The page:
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Bed geometry controls timing and magnitude of sea-level rise from Greenland's outlet glaciers
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  • Denis Felikson,
  • Ginny Catania,
  • Mathieu Morlighem,
  • Timothy Bartholomaus
Denis Felikson
University of Texas at Austin

Corresponding Author:[email protected]

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Ginny Catania
University of Texas at Austin
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Mathieu Morlighem
University of California - Irvine
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Timothy Bartholomaus
University of Idaho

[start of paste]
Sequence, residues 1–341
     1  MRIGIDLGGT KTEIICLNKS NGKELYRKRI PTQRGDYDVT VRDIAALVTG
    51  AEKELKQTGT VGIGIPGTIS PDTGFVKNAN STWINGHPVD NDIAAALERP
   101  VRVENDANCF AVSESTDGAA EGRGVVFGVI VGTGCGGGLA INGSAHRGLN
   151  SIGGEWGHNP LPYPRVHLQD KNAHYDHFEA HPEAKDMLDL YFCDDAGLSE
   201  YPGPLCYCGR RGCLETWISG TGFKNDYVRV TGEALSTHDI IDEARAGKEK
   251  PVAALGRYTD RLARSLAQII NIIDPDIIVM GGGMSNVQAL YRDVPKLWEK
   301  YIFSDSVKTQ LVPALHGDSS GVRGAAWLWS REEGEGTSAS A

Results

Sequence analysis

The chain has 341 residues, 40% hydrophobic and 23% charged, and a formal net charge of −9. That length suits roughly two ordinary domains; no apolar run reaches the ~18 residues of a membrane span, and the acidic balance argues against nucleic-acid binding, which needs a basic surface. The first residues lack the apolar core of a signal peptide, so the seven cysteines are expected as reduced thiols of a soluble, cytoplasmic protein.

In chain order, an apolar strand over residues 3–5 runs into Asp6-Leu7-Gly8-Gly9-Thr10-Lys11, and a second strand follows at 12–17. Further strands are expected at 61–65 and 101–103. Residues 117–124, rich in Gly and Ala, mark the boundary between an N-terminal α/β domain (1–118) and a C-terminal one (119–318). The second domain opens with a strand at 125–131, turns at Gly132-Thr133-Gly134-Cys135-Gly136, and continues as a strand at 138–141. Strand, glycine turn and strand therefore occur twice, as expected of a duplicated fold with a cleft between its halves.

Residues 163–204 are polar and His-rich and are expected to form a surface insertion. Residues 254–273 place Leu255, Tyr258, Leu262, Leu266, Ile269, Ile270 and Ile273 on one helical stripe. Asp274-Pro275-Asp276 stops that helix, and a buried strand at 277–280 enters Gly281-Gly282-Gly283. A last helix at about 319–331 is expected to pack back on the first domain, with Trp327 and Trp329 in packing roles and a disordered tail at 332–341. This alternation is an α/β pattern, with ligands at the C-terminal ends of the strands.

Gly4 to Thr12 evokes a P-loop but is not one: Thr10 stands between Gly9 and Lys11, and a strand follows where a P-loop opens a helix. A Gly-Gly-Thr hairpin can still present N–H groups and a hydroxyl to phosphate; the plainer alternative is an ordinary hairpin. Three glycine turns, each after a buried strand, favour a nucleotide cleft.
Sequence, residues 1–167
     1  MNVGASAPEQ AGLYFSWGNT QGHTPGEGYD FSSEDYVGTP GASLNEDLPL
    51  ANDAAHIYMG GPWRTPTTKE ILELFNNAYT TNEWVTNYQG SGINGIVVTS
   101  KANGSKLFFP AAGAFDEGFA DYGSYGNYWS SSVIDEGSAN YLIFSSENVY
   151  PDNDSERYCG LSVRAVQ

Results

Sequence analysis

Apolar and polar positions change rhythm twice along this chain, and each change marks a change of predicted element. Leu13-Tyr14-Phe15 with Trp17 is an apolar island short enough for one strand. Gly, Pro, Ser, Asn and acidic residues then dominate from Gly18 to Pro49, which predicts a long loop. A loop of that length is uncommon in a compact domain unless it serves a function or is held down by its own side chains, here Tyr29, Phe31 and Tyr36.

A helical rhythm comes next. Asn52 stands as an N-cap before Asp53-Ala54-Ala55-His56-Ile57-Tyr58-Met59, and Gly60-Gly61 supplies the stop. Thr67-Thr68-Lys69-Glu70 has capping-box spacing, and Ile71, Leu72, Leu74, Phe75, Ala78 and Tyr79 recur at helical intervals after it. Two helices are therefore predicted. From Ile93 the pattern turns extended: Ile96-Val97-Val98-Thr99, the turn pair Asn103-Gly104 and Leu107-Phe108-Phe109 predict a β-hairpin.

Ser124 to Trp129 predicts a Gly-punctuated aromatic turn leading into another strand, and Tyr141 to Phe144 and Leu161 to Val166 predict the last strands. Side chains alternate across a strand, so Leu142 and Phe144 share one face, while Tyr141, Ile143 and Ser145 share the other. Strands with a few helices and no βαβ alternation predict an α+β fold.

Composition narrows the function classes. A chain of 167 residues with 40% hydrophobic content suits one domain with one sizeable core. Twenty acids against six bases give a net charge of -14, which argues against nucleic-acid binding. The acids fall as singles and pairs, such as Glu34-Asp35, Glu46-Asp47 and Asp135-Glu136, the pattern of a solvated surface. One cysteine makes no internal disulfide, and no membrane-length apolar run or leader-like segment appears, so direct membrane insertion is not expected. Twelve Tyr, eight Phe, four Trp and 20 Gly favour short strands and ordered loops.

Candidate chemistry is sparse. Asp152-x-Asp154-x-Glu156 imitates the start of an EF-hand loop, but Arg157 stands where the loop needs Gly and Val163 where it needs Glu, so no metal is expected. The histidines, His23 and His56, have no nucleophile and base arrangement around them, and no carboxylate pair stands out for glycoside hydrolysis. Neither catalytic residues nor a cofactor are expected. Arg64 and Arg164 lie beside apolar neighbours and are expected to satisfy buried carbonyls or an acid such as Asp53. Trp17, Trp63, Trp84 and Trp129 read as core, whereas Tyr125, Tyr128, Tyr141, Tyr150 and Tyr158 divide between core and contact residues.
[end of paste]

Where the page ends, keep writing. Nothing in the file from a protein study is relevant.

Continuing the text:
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The projected contribution to sea-level rise from the Greenland Ice Sheet currently has a large spread in literature, ranging from about 14 to 255 mm by the year 2100. Part of this spread is due to uncertainty in mass loss from ocean-terminating outlet glaciers in response to terminus retreat. Here, we use a diffusive-kinematic wave formulation of glacier thinning to show that steep bed features can limit thinning from diffusing inland from a glacier’s terminus. This simplified model allows us to rank 141 of Greenland’s outlet glaciers based on their potential to allow thinning to diffuse far inland and, thus, contribute to sea-level rise over the next century. We then target two glaciers: Kakivfaat Sermiat (KAK) in West Greenland and Kangerlussuaq Gletscher (KLG) in East Greenland. Both glaciers have a high potential to contribute to sea-level rise but with contrasting bed geometries; KAK has relatively low ice flux but its geometry can allow thinning to diffuse far inland while KLG has high ice flux but a geometry that will limit thinning to 30 km inland of its terminus. We simulate mass loss from each glacier, in response to prescribed terminus retreat, using a higher-order numerical model, and find very different response times of mass loss from the two glaciers over the next century. KLG reaches a new steady state by 2100, while the slow inland diffusion of thinning causes KAK to continue its response into the next century and beyond. As a result, KAK contributes nearly twice the volume of ice to sea-level rise of KLG by year 2200, suggesting that low-flux glaciers that can allow thinning to spread far into the ice sheet interior may contribute much to sea-level rise as high-flux glaciers that limit thinning to their lowest reaches. By identifying the glaciers around the ice sheet with the highest potential to contribute to sea-level rise, we hope to help focus future higher-order numerical modeling studies working toward narrowing the range in sea-level rise projections.